10 Questions With Photographer Lucky Malhotra - The Grey Alley

Photography is Lucky Malhotra’s first love, and he is the happiest when the word ‘fashion’ is attached before the term photography. It’s been a long, hard, but worthwhile journey for this lifestyle photographer—right from growing up in Hyderabad, stealing (he still thinks he borrowed it) his father’s camera when he was away, having his friends as test subjects, to finally making it in the lifestyle photography circuit.

From the day he knew that photography (fashion in particular) was his new-found passion, he surrounded himself with high fashion magazines like Vogue, Elle and much more. But little did he know that one day his pictures would be featured on these platforms. His name might be Lucky, but if you spent an hour with him, you would know that he is 99 per cent hard work and one per cent luck(y)!

We catch up with Malhotra, who tells us about his new projects Enunciate and Koskii Super Bride, why he chose this profession, and why he is picky about wedding photography, and more.

How and why did you get into photography? 

I was always inclined to this art as my father used to shoot and we had different cameras at home though they were always locked (laughs). I used to read magazines like Filmfare, Elle and many others. Subconsciously, I was grasping the style, the flair for fashion. I used to rip the pages and file them. But, I never thought my pictures will be on it someday (smiles).

I was good in studies but no one knew that I was inclined to art and actually I myself never realised it then. I used to shoot few friends of mine who used to make me a scapegoat for their pictures as I did not charge them (laughs). But I guess that was the start and this is where I am now. Though this is nowhere close to what I dreamt, I am thankful to God that I am pursuing what I love the most.

You are currently working on a high fashion shoot called Enunciate, and a campaign called Koskii Super Bride. Could you tell us a little bit about what they are and how did you become a part of this project?

Ah! Enunciate is inspired by gold, goddess, R&B, covert and sensuality. The concept is styled by Anamika Chanda, Suzanne Roque is the model and Romi Thockchom Nilakumaroma is the makeup and hair artist. We have shot a trippy fashion video too which will be out in some time. It is one of my most favourite projects and I am kicked about it. I am also looking forward to working with fashion houses, brands and fashion campaigns too.

On the other hand, the Koskii Super Brides is a campaign, especially for brides-to-be. The idea is to bring out the individuality of each bride which is also the brand ideology of Koskii. I am shooting the campaign and judging the contest too, so it’s a sweet deal.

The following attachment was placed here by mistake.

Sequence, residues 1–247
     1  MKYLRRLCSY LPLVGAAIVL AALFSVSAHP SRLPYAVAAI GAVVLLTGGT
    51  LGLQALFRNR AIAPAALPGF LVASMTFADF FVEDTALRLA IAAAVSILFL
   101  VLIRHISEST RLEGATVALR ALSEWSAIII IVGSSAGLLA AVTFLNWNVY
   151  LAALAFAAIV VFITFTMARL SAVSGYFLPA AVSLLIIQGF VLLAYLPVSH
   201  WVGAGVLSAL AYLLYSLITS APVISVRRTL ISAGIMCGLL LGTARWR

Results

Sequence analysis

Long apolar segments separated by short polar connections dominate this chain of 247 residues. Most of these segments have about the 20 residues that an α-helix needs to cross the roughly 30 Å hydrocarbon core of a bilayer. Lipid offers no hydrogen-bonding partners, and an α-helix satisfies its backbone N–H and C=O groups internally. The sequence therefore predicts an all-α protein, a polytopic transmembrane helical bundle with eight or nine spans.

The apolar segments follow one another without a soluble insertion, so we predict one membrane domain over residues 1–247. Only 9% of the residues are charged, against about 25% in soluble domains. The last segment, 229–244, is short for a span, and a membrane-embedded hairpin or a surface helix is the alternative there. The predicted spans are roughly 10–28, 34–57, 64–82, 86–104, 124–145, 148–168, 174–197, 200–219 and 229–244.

I knew Umar Akhter and Sameen Eajaz (owners of Koskii) through a common friend of ours who also happens to be his cousin. Umar wanted to create something memorable and that’s how ideas were brainstormed and we had creative director Aliyeh Rizvi on board. Rizvi comes with immense experience and amazing inputs and things started falling into place and I agreed to do the shoot and that’s how we ended up shooting the film and I became a part of the campaign.

We identified Arpana Roy (a bride-to-be) who had picked the outfit from Koskii. The team spoke to her and asked her if she was keen to be the first bride for the campaign. In the beginning, Arpana was nervous but she ultimately agreed as we convinced her to take up this opportunity and made her feel comfortable.

Initially, the idea was to do a campaign photo shoot and a makeover video, but I always wanted to do a mood film, as I felt it was much-needed. Because, through this, we are touching various personas of a bride, which usually take a backseat when they are about to get married.

The mood film is out and has been well appreciated, we are looking out for real brides-to-be to be a part of this contest where they will be getting style/makeup makeover and a celebrity kind of photo shoot and we will try to bring out their personality through that campaign.

Your first ever professional camera? 

It was a Yashica SLR with a 200mm and a 50mm lens which was an analogue camera that had so much fungus that I hardly could see but that’s where your focusing skills get honed.

We found out that you are really picky about the projects you do, especially wedding photography. Any reason why?